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Overview for Lochlyn Munro
Lochlyn Munro

Lochlyn Munro


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Also Known As: Died:
Born: February 12, 1966 Cause of Death:
Birth Place: Lac la Hache, British Columbia, CA Profession: Cast ... actor semi-pro hockey player


After appearances in dozens of TV movies and small roles in feature films, actor Lochlyn Munro made his big screen breakthrough as Cliff, a maniacal undergraduate whose death-courting antics made him an attractive candidate to share a suite with two slacker students (Tom Everett Scott and Mark Paul Gosselaar) looking for a suicidal roommate to score them both the legendary automatic 4.0 GPA in the 1998 feature "Dead Man on Campus." Blonde and rugged looking with a scratchy voice, Munro bore a passing resemblance to a young Gary Busey or Nick Nolte and brought an awe-inspiring frenetic energy to his portrayal. A former semi-professional hockey player and gold medal winning water-skier, the Canadian import had a compact muscular build that helped him to land roles like the sociopathic frat guy Cliff and Craig, the high intensity physical trainer hired to buff up the bumbling Bubati brothers, in the "Saturday Night Live" sketch feature adaptation "A Night at the Roxbury" (also 1998).

Munro made his film debut playing a college fraternity brother in the action thriller "Run" (1991) and went on to make appearances in Clint Eastwood's acclaimed Western "Unforgiven" (1992) and the following year's big screen adaptation of Stephen King's "Needful Things." 1994 saw the actor in the comedy "Wagons East!" and the horror sequels "Trancers 4: Jack of Swords" and "Trancers 5: Sudden Deth." A featured role in the little seen comedy "Downhill Willie" followed in 1996, before the greater visibility of the MTV produced and promoted "Dead Man on Campus" made him a more familiar film presence. In 2000, Munro racked up a host of big screen appearances, with supporting turns in the Norm Macdonald starrer "Fool Proof" as well as the karaoke themed Bruce Paltrow film "Duets" (starring Gwyneth Paltrow). Higher profile roles came that year with Keenen Ivory Wayans' teen horror send-up "Scary Movie," and Munro made his starring debut that year in "Camouflage," playing a failed actor who pursues a career as a private investigator under the tutelage of Leslie Nielsen's veteran detective.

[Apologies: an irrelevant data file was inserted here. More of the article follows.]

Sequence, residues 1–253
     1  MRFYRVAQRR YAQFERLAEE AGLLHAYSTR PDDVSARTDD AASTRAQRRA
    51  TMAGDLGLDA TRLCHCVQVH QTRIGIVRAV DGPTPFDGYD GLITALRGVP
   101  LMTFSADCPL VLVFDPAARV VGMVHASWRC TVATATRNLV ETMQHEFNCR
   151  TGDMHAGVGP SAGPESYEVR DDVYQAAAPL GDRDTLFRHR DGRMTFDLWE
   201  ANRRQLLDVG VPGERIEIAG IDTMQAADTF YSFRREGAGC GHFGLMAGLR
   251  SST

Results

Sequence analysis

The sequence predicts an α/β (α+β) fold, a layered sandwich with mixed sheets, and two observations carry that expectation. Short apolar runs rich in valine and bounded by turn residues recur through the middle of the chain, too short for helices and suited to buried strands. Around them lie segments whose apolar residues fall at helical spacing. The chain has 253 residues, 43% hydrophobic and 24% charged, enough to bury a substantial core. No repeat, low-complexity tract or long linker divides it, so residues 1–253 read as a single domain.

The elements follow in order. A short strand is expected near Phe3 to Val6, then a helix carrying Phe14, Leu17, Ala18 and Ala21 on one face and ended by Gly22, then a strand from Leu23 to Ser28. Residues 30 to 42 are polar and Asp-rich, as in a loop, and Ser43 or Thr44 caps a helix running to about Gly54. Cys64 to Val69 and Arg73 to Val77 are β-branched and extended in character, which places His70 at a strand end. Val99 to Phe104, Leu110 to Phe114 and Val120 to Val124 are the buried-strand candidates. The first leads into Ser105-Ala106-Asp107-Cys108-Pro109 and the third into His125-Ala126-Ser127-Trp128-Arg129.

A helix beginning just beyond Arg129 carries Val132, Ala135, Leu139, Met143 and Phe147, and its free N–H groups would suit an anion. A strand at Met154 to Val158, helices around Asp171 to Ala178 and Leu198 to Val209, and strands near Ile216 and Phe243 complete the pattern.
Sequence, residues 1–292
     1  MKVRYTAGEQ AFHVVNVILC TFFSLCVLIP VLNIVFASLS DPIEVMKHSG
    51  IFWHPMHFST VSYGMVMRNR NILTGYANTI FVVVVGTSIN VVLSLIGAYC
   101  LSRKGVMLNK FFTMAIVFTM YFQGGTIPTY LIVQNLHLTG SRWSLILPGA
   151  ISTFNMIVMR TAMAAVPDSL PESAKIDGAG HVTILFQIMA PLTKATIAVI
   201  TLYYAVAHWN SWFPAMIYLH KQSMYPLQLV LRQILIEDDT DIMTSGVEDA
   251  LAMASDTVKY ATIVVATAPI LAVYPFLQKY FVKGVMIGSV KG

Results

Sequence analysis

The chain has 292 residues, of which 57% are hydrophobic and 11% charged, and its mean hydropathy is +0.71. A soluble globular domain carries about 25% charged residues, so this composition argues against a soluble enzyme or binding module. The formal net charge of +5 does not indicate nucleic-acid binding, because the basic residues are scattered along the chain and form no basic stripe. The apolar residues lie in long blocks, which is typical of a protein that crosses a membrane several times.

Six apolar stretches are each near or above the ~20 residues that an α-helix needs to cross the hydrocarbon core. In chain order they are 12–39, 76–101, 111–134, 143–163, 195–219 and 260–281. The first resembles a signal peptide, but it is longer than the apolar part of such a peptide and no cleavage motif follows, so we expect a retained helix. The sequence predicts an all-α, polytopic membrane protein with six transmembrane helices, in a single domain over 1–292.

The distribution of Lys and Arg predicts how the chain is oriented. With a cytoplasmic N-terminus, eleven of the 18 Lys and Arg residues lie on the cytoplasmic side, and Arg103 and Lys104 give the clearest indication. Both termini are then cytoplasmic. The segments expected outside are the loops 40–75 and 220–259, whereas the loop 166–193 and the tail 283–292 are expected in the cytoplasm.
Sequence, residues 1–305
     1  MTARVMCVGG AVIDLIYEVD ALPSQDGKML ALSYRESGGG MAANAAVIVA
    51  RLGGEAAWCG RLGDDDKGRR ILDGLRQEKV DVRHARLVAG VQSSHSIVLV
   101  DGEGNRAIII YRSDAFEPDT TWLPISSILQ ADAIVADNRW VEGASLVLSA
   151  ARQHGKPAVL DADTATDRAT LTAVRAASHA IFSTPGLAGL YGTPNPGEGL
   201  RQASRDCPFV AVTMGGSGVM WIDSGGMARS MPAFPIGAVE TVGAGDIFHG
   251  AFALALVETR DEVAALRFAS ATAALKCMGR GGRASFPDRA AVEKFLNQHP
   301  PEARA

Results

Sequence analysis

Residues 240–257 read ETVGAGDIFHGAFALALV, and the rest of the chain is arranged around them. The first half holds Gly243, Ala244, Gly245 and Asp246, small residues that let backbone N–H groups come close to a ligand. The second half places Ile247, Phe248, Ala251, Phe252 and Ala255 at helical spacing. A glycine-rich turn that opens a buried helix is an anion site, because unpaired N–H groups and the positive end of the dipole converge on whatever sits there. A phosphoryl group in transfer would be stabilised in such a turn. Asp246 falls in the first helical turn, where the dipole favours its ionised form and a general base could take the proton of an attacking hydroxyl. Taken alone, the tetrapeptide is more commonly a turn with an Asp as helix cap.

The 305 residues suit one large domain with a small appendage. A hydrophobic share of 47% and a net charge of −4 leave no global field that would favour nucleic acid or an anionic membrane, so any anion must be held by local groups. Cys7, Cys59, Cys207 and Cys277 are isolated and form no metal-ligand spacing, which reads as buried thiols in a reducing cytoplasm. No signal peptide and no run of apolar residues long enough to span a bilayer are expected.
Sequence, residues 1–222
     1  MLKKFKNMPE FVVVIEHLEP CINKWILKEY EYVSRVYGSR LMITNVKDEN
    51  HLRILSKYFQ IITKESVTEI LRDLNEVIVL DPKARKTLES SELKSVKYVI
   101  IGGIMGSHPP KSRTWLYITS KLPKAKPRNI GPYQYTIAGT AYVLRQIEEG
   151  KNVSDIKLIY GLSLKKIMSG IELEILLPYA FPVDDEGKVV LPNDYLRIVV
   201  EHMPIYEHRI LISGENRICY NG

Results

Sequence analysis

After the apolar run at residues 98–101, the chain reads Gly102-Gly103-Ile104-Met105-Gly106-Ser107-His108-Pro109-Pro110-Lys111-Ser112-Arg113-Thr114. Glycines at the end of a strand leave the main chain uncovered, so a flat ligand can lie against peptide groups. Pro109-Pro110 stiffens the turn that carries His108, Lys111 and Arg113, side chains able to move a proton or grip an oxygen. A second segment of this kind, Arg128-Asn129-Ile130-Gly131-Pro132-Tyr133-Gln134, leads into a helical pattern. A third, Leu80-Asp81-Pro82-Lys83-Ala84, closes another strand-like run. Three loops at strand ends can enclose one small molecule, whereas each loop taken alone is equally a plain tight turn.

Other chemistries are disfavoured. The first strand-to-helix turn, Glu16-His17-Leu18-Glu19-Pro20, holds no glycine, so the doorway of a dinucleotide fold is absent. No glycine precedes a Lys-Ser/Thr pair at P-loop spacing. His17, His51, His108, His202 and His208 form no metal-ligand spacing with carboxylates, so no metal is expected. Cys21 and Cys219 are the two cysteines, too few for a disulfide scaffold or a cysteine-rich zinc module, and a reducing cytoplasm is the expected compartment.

While films brought Munro his greatest exposure, television was the actor's springboard, offering him numerous roles and valuable experience. He was particularly prolific in the genre of movies made for television, frequently playing a loutish jock type in dramas with teen protagonists (e.g., 1994's "Moment of Truth: Broken Pledges" and 1996's "Stand Against Fear: A Moment of Truth Movie") or, in later years, a young police officer in telepics like "Our Guys: Outrage in Glen Ridge." In the mid-90s, Munro was a seemingly ubiquitous in NBC's intense "Moment of Truth" dramas of which he acted in no fewer than six. Besides the exposure afforded by his dozens of television movie appearances, and recurring roles on "Wiseguy" (CBS, 1990) "JAG" (CBS, 1999) and "Charmed" (The WB, 1999), Munro was often recognized in North America for his 1991-1993 regular stint on the teen drama "Northwood," aired in his native Canada.

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